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The Digital Imaging and Remote Sensing Image Generation(DIRSIG) model has been actively developed at the Digital Imaging and Remote Sensing (DIRS) Laboratory at Rochester Institute of Technology (RIT) for two decades. The model is designed to generate passive broadband, multi-spectral , hyper-spectral  low-light , polarized , active laser radar , and synthetic aperture radar  datasets through the integration of a suite of first-principles based radiation propagation modules. These object oriented modules address tasks ranging from bi-directional reflectance distribution function (BRDF) predictions of a surface, to time and material dependent surface temperature predictions, to the dynamic viewing geometry of scanning imaging instruments on agile ground, airborne and space-based platforms. In addition to the myriad of DIRSIG specific modules that have been created, there is a suite of interface modules that leverage externally developed atmospheric (e.g. MODTRAN and MonoRTM) and thermodynamic (e.g. MuSES) components that are modeling workhorses for the multi-and hyper-spectral community. The software is employed internally at RIT and externally within the user community as a tool to aid in the evaluation of sensor designs and to produce imagery for algorithm testing purposes. Key components of the model and some aspects of the model’s overall performance have been gauged by several validation efforts over the past decades of the model’s evolution (Mason 1994 and Brown 1996).
The DIRSIG software is written entirely in C++, is managed under a revision control system and includes a large suite of unit and integration tests. The model includes a detailed graphical user database and is available for a wide variety of computing platforms including Windows, Mac OSX and Linux. Updates to the software are released 2-4 times a year to a user base of approximately registered 385 users working for the U.S. Government either directly or at supporting contractors. The DIRSIG radiometry engine is very robust and modular. To produce data sets that contain the spatial and spectral complexity of real-world data, the model must be able reproduce a large set of radiative mechanisms that combine to produce the spectral signatures that are collected by real-world imaging instruments. The DIRSIG model attempts to incorporate a wide array of these image-forming processes within one modeling environment. To drive these predictive codes, the model must have access to robust characterizations of the elements to be modeled. For example, input databases describe everything from the chemical description of the atmosphere as a function of altitude to the spectral covariance of a specific material in the scene. The passive modalities trigger a set of radiometry solvers that can account for multi-bounce (multi-scatter) of energy from the sun, moon and sky. For the active modalities, additional sets of algorithms are employed that utilize optimized multi bounce/scatter radiometric bookkeeping techniques (for example, photon mapping (Jenson 2001)) for the active source.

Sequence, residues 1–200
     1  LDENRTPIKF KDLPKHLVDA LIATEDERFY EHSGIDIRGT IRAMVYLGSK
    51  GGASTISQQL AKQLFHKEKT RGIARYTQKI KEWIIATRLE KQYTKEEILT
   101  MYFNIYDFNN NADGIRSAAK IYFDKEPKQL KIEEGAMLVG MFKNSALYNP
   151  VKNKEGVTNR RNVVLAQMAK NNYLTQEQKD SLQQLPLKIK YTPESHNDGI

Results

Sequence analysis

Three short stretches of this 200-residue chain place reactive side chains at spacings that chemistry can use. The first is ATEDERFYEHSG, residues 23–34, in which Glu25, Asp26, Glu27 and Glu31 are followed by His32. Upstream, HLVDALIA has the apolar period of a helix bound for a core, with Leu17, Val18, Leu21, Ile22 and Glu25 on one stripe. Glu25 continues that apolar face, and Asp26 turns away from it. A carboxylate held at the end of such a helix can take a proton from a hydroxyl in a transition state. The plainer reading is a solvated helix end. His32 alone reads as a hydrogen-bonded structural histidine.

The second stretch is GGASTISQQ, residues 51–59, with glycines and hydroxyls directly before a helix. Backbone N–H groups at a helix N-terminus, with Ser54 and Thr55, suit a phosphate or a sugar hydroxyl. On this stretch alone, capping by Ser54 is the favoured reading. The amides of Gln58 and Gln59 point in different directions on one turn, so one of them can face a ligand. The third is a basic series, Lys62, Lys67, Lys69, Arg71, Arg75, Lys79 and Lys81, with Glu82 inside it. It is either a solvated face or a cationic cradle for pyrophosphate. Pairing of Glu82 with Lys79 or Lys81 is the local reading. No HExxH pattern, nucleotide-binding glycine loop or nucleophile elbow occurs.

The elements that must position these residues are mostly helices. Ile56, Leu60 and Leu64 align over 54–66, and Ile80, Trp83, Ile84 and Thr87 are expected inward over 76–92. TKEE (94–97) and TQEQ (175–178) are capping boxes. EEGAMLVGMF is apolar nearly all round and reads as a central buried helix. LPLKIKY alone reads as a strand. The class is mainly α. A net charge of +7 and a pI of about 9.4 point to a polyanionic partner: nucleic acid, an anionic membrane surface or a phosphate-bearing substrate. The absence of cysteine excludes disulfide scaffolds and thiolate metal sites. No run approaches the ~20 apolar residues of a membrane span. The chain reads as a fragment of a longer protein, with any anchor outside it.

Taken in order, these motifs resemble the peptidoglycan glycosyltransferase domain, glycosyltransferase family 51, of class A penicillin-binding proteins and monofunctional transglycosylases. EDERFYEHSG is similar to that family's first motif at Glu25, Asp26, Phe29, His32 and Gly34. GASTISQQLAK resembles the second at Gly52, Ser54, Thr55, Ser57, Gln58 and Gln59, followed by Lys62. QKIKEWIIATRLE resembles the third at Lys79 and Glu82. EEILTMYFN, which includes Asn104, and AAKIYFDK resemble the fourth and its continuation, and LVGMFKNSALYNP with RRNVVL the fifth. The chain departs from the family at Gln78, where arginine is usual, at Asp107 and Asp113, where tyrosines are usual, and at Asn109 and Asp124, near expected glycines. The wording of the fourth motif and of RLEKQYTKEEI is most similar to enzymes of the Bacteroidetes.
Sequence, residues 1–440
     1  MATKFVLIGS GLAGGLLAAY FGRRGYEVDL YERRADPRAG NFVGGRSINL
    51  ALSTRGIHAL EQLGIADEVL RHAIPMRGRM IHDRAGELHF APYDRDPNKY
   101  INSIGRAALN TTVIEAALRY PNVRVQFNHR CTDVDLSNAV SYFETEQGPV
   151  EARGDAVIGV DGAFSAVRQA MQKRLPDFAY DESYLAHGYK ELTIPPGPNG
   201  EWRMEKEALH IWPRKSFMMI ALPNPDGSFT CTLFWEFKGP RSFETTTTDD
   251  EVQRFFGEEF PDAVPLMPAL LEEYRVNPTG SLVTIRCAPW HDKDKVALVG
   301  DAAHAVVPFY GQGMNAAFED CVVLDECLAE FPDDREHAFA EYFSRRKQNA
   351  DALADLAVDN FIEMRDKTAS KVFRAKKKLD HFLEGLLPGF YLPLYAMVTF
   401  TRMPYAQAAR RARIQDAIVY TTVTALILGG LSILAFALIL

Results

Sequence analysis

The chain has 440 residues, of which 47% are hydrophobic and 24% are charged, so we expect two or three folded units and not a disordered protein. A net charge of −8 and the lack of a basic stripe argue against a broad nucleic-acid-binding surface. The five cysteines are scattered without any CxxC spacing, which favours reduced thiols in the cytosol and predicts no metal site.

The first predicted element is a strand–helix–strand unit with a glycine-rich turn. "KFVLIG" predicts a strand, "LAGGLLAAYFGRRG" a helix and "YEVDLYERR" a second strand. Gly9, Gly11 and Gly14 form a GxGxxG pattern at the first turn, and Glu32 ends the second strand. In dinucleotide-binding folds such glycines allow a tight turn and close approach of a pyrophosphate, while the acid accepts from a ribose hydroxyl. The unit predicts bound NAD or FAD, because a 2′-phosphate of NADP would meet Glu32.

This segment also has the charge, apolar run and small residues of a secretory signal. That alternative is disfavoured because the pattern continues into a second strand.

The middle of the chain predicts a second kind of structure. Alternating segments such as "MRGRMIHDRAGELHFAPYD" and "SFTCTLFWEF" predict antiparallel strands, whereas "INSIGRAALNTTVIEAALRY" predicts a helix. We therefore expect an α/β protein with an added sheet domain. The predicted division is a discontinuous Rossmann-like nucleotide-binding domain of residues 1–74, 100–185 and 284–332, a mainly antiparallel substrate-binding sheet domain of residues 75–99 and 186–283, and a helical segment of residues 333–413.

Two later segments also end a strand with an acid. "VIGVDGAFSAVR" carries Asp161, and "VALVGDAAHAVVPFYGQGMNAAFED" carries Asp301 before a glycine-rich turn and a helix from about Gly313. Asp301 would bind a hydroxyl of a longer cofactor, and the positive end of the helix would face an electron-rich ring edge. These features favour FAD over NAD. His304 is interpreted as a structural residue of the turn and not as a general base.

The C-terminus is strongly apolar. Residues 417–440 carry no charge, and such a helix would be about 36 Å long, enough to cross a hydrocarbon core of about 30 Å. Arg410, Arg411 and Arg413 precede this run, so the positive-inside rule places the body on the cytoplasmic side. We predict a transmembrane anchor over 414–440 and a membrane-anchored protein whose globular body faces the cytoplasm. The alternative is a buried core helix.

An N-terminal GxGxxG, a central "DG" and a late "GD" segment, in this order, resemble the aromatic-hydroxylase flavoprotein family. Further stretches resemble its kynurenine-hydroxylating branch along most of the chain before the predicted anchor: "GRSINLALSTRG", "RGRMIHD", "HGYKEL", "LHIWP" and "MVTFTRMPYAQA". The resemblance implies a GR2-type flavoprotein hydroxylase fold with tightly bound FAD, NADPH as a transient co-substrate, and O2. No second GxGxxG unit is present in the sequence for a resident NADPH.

One of the key features of the DIRSIG model is that all modalities are simulated from a common scene description. The synthetic world that is employed is composed of 3-D geometric constructs (polygon geometry, mathematical objects and voxelized geometry) that are assigned a material description (see Figure 1). Users can create 3-D polygon models with a variety of 3-D asset creation tools including AutoCAD, 3ds Max, Rhinoceros, Blender3D, SketchUp, etc. This material description includes thermodynamic properties to enable temperature prediction and optical properties to drive the radiometric prediction. Instead of a discrete suite of modality specific models, the currently supported modalities all share the same geometric and radiometric core, which insures phenomenological agreement across modalities. For example, the same specular paint BRDF for a car hood would be used when simulating both a passive RGB camera and an active LIDAR system. If a vehicle is painted black, it will be warmer than a lighter colored material in the thermal infrared because of the differences in solar absorption. The scene database also supports dynamic object positioning, which allows objects like vehicles to be linked to external traffic simulators (for example, the Simulation of Urban MObility (SUMO) model) or collection scenario planning and management tools including System Toolkit (STK).